5 Reasons Your Child Could Be Gifted and No One is Recognizing It

by Shawna Twist on 05/21/2018

  1. Gifted students aren’t atypical in their characteristics

Gifted students that also have learning disabilities are defined as twice exceptional.  However, the defining word of “twice” is somewhat misleading in that these students are always more complex than implied by this classification.  In fact, twice exceptional students are considered asynchronous. The National Association for Gifted Children defines this as the “mismatch between cognitive, emotional, and physical development of gifted individuals.   Gifted children often have significant variations within themselves and develop unevenly across skill levels”. This creates a distinct confusion for educators in recognizing giftedness amongst the chaos. Gifted students at all levels can present at many levels in individual skills and subskills, behaviors and emotions that would normally create a distinct indication of talents in those areas.

  1. It has only recently been acknowledge that students with learning disabilities can be gifted.

In 2004 the Individuals with Disabilities Act brought recognition that students with gifted abilities can also have learning disabilities.  However, a shift in the criteria for diagnosis where Asperger’s and Pervasive Developmental Disorder have been lumped into the category of Autism Spectrum has seemingly increased difficulties.  Early studies have indicated an even greater chance of a missed diagnosis for a gifted child.

Furthermore, Research has indicated that 14% of students identified as gifted have learning disabilities. The general population indicates a 4% identification for learning disabilities.  This indicates a higher probability that a student with giftedness will have a greater chance of having a learning disability than a student without.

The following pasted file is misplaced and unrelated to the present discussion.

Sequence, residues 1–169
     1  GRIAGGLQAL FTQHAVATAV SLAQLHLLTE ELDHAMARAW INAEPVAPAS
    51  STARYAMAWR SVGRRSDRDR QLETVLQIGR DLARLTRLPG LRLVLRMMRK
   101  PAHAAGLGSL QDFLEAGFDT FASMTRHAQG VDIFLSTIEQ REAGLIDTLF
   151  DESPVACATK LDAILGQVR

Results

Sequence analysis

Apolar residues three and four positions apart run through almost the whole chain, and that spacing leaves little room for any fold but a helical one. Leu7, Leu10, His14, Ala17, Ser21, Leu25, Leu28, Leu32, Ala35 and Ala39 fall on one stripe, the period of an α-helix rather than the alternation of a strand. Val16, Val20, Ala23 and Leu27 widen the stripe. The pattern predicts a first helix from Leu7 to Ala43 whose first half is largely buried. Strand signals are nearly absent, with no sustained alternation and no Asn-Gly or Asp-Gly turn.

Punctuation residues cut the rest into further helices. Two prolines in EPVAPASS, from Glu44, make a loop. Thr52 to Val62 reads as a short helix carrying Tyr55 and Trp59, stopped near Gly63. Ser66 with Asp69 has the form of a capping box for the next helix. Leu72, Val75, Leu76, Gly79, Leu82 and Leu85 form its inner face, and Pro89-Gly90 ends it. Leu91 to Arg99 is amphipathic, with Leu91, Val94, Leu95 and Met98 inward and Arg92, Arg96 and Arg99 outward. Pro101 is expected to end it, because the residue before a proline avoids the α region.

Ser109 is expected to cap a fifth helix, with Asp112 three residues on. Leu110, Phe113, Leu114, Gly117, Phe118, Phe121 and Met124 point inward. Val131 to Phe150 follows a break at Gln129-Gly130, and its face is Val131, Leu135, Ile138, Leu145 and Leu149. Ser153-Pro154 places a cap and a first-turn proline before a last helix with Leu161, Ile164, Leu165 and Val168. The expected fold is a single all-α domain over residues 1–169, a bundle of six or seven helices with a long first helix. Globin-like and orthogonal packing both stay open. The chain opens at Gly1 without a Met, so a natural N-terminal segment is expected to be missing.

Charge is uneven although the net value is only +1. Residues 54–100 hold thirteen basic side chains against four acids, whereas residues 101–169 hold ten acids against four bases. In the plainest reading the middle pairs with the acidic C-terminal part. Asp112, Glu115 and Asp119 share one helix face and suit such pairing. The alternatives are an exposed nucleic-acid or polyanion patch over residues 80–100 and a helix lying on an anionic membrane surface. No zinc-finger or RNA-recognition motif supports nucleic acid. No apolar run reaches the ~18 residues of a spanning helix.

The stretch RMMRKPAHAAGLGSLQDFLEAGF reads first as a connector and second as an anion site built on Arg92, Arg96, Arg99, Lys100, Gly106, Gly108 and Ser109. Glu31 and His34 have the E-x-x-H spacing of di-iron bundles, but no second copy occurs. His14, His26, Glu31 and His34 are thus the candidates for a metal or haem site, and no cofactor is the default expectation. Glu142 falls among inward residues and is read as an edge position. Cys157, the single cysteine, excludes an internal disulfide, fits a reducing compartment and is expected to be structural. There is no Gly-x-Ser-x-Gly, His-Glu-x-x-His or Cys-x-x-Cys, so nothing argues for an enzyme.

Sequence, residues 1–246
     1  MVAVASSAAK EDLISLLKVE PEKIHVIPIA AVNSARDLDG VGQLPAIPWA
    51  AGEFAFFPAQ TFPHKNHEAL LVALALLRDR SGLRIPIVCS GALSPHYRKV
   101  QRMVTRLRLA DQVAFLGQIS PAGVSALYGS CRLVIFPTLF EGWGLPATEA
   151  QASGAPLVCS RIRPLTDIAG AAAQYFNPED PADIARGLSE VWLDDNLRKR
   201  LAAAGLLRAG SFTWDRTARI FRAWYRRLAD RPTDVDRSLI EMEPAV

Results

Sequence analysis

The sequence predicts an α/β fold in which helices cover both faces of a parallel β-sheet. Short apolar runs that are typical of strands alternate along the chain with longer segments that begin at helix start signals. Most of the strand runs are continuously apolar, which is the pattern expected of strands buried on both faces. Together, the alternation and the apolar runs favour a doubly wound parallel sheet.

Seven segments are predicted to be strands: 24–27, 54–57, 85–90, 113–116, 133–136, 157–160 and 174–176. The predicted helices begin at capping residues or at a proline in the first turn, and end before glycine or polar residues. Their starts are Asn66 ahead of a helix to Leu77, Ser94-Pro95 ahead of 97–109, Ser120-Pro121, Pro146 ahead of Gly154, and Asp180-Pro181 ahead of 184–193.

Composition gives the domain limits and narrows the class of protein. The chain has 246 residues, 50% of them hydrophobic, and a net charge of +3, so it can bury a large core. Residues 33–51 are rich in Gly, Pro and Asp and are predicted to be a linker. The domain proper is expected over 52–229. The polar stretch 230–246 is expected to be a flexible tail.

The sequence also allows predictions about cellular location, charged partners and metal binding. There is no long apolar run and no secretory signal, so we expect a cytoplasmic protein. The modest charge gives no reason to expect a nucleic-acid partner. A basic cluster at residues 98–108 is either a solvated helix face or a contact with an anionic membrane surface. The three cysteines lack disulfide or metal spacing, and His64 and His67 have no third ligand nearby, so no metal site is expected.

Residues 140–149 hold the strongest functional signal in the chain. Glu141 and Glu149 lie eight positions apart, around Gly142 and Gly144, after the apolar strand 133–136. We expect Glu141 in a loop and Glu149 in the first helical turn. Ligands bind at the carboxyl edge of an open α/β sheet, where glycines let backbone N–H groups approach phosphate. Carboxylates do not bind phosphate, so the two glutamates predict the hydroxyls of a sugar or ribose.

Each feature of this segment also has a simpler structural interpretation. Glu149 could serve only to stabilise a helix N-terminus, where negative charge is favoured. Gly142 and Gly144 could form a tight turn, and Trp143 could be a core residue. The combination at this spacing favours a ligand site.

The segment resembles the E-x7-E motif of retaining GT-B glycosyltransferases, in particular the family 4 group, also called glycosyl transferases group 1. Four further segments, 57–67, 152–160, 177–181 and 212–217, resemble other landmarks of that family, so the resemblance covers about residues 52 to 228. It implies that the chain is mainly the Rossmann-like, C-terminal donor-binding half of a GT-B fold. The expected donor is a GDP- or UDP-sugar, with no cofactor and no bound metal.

1. There are several myths about gifted students.

MYTH:  Gifted students don’t need adult intervention in their learning.

It has been a long held assumption that gifted students will excel on their own, without any adult intervention.  This is a great disservice to gifted students as they need guidance and direction just as any other student in their classroom needs.  Gifted programs are designed to push the gifted student further than they would go when left to their own processes.

MYTH: Teachers are always differentiating learning so the gifted student will get what he needs within a normal classroom.

It is interesting that most of a teacher’s college education centers around teaching to the needs of those with learning disabilities.  Rarely, if ever, does a student teacher learn about teaching gifted students and meeting their needs.

MYTH:  Poor grades indicate that a student cannot be gifted.

Many gifted students who have learning disabilities often reflect poorly in the standard classroom assessments and assignments. We can ponder Albert Einstein’s educational experiences to see a classic case of the giftedness being missed because of underachievement in the classroom. There are multiple reason for a student to appear to be an underachiever, yet actually have unseen talents.  Often students don’t want to stand out from their peers or boredom evolves into behavior problems.

 

  1. Gifted students with learning disabilities appear “average” within a classroom structure

Twice exceptional students often are difficult to identify in the standard classroom because they often “coast” at an average achievement  level.  This average status is created by hindrances caused by their learning disability which can disguise their gifted talents. Because of this, the strengths of these gifted students do not get acknowledged and therefore promoted and nurtured.